State school kids fall further behind in reading, writing and maths after Covid lockdown

STRUGGLING kids have fallen even further behind in reading, writing and maths as the stark impact of the pandemic is laid bare.

Shock new stats reveal standards among pupils leaving primary school fell a whopping 50 per cent faster in state schools compared to private ones, as pupils battle to catch up on missed learning.


New stats reveal a need to call on ministers to address the huge gap between state schools and private schools[/caption]

The proportion of Year 6 pupils who reached the ‘higher’ standard in reading, writing and maths has plummeted since 2019, Labour analysis reveals.

In state schools the numbers reaching the targets dropped from 11 to seven per cent, but in private schools it has fallen from just 13 to 12 per cent.

MPs call on ministers to address the huge gap between fee-paying posh schools and private schools.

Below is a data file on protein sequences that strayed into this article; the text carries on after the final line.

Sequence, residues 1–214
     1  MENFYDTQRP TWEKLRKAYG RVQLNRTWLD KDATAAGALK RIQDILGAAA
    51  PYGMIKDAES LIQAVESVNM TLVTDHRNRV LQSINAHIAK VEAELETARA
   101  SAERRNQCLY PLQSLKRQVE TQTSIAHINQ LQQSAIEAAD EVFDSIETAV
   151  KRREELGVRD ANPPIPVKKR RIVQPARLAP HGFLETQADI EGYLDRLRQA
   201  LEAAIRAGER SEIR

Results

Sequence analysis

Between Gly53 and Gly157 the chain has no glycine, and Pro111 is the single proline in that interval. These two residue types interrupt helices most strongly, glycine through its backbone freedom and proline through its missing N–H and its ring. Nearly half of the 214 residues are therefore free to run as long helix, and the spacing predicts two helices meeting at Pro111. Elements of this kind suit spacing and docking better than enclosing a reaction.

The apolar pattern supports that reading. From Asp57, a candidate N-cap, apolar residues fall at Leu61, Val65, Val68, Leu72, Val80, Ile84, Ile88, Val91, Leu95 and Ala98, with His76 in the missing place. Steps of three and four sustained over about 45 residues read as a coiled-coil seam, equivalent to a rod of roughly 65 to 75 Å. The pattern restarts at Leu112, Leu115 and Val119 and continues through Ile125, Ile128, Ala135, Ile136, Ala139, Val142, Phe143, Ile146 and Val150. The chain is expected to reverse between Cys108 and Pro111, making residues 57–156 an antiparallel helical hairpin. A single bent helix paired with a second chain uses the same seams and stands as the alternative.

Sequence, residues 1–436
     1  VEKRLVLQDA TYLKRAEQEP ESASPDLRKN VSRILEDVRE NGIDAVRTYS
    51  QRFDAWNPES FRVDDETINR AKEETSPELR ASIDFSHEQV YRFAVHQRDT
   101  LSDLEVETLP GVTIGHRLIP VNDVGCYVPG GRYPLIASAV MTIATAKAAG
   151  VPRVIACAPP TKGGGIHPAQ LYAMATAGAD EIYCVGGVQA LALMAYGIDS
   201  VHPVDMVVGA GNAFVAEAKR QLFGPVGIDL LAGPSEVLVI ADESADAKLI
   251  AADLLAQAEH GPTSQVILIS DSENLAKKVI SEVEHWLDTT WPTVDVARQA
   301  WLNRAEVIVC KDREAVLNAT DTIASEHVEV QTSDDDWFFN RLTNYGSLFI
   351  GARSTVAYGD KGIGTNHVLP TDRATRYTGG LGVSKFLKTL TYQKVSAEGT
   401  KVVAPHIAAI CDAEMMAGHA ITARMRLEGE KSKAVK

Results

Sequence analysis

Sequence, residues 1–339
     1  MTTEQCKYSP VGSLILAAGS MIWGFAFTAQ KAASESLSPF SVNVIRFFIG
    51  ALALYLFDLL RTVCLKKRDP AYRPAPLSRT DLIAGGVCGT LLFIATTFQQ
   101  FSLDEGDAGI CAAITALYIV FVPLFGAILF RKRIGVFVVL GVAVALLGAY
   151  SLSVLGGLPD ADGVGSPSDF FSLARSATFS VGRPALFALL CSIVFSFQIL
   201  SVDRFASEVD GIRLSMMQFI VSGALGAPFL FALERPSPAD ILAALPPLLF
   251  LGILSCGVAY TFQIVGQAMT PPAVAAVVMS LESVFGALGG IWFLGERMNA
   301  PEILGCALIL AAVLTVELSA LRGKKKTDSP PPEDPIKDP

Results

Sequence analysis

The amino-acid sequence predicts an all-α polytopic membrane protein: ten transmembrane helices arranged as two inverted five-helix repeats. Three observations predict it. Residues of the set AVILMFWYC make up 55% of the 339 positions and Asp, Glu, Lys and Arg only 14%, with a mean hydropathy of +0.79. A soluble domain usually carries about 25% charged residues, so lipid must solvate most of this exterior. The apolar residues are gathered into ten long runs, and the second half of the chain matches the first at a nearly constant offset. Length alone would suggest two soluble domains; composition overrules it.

Bridget Phillipson, Labour’s Shadow Education Secretary, said: last night: “The widening gulf between state and private schools in the wake of the pandemic shows the extent of the Conservatives’ failure to support children’s recovery.



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“The Prime Minister needs to show he cares about state school pupils by taking every action to narrow the growing divide between private and state school pupils.

Rishi Sunak could start by following Labour’s lead and end tax breaks for private schools to fund a brilliant state education for every child.”

A Department of Education spokesperson said: “We recognise that pupils have missed a critical period of their education due to the pandemic which is why we are investing nearly £5 billion in education recovery support for young people right across the country.

“This includes the sustained recovery premium funding, which has doubled in secondary schools this year and will be targeted at supporting disadvantaged pupils.

“Thanks to the hard work of teachers – and with over two million high quality tutoring courses already started through the National Tutoring Programme – young people are getting back on track, and schools should continue to work with parents to make them aware of the additional support on offer.”